You come from a whole family of sailors, then.
Oh, yeah. My uncle is a chief engineer, my grandfather was captain on a lobster boat. This is what we do. My godmother Laura and I were both born on June 12, which is also the birthday of the Merchant Marine. Also, somebody played my uncle in The Longest Day, which is a D-Day movie.

So this wasn't the first time that someone in your family has been played in a movie!
Yeah, growing up we always said, "Oh, that's that movie about your Uncle Robert." So now my cousins and nephews have a movie about something I was involved in.

What's an example of one of the movies that gets the Merchant Marine wrong?
Oh, Action in the North Atlantic with Humphrey Bogart, or The Perfect Storm with George Clooney — any of these movies on ships. There are all kinds of technical problems, and the actions that are portrayed are just ludicrous. Watching how they're working and talking, it's comical.

What did you think of the way that Captain Phillips portrayed the pirates?
Well, I worked in Africa for a year and a half, and I had a lot of friends there, and I had a respectful relationship towards them. And this incident could have been the type of incident — and I still see comments from peoples on websites, and get e-mails, that are racially insensitive, making this a black-versus-white issue, when this was a financial thing; this was all about money. This movie, they cast terrific actors to play the pirates, and they showed where they come from. And it was just as exciting from their part, like a heist-gone-wrong movie. You really could feel the characters and what their motivations were and how they got along. They weren't just, you know, four random guys. So if we had to sacrifice part of our story for theirs, I'm happy to do that. It still, to this day, really bothers me when I hear or read comments about this story that say hateful things about Somalians. I have nothing but respect for the people of Africa. I've helped educate people on the crew about their history and geography. I don't want to ever be painted as a guy who's out to kill Africans, or anti-black or Muslim or anything like that. Our crew had a whole mix of people: black, white, Hispanic, Middle Eastern, Muslims, Christians — so the whole idea that this was some kind of racial story? I'm glad they handled that correctly.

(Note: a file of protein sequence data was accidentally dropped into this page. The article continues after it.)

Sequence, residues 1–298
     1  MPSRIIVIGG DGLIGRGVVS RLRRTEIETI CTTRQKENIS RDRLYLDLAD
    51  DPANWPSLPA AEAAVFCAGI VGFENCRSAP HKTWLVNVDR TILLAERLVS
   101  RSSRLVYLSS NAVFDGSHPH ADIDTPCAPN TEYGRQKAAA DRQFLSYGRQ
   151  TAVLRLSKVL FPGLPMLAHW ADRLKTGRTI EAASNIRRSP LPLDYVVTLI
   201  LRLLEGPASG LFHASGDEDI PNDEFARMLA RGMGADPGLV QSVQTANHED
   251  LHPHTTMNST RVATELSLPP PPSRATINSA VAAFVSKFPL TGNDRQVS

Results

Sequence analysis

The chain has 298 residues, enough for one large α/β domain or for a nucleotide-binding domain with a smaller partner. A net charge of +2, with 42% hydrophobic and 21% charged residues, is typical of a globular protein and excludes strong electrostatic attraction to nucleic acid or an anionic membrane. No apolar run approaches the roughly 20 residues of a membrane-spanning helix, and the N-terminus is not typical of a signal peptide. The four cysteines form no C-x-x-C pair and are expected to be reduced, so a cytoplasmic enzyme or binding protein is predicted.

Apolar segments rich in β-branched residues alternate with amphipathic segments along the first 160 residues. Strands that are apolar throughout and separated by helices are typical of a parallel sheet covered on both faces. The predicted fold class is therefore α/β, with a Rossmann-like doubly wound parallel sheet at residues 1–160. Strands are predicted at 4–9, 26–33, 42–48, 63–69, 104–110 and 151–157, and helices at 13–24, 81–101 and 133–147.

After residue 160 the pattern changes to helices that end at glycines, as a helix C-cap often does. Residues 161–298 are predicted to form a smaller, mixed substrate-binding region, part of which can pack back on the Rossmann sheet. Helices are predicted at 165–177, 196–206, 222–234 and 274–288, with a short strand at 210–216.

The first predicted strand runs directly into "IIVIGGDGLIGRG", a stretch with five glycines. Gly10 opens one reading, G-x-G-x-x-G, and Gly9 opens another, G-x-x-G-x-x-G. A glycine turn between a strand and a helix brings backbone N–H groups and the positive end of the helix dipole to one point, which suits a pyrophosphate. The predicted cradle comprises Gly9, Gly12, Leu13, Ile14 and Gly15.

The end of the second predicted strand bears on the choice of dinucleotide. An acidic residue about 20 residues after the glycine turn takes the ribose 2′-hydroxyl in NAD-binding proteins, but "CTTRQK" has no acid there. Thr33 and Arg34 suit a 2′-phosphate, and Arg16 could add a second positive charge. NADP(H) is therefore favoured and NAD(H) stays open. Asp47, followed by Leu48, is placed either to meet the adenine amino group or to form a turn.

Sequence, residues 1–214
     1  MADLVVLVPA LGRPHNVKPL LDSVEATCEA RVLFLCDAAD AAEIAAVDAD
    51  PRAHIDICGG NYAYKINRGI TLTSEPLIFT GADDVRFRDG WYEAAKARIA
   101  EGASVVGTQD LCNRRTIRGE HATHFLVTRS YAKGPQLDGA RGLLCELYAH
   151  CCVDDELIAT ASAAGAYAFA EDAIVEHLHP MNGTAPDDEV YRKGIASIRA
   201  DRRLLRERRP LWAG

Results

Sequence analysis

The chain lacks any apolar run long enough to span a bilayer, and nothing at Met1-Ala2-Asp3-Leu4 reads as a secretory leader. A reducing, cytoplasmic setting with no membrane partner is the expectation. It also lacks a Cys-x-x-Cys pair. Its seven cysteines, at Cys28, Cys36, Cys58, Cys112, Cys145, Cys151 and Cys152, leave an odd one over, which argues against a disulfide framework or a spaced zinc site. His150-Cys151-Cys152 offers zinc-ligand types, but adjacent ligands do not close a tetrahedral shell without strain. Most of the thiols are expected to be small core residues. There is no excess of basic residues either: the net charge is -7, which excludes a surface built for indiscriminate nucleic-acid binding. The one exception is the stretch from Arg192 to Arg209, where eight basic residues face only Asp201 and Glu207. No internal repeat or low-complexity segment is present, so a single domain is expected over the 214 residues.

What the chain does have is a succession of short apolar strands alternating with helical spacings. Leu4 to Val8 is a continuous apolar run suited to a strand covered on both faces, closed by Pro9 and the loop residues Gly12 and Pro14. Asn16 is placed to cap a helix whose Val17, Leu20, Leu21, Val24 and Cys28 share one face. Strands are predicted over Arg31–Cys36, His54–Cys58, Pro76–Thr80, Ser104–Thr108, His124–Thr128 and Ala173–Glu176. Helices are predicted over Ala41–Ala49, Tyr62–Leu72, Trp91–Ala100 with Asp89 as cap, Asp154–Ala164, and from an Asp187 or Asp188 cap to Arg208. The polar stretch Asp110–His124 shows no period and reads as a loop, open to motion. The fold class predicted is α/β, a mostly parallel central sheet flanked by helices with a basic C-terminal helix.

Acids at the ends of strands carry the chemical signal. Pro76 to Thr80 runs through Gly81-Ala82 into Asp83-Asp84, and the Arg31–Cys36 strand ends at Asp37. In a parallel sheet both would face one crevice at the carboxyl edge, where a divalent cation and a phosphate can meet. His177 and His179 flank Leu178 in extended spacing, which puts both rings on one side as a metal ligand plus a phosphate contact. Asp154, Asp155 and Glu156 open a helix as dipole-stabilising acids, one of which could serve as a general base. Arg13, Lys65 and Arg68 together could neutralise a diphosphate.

We saw just enough of the Somalians' lives to understand why they did what they did. I'm glad to hear that's something you talk about when you're teaching sailors about piracy, even if it's not the thing that would be most immediately helpful in that situation.
No, the most immediate help would be a gun. And we've got that now, so at least the industry has changed, and my friends are safe now. And that was my first time as a captain. My father was a captain, and I always thought I would eventually be one. Now I'm the sailing captain on a coal ship, so maybe I was there for a reason.

Photo: Karel Prinsloo/AP/Corbis